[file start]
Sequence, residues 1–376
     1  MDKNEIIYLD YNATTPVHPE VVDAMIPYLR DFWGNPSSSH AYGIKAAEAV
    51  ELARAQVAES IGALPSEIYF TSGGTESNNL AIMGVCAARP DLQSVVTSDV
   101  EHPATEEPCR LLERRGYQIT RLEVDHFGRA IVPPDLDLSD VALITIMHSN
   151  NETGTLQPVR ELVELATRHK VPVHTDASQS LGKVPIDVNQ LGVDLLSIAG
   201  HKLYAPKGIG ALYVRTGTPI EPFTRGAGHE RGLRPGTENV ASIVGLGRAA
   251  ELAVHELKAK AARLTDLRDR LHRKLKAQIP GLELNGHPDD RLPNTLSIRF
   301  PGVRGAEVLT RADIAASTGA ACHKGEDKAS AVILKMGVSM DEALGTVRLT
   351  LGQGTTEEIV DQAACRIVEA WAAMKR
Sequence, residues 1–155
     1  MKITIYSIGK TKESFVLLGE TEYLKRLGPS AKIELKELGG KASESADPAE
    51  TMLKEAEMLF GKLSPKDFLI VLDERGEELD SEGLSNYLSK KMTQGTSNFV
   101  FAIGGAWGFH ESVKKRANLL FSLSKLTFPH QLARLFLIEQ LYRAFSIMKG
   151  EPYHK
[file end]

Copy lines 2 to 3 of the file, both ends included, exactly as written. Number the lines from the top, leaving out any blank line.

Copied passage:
     1  MDKNEIIYLD YNATTPVHPE VVDAMIPYLR DFWGNPSSSH AYGIKAAEAV
    51  ELARAQVAES IGALPSEIYF TSGGTESNNL AIMGVCAARP DLQSVVTSDV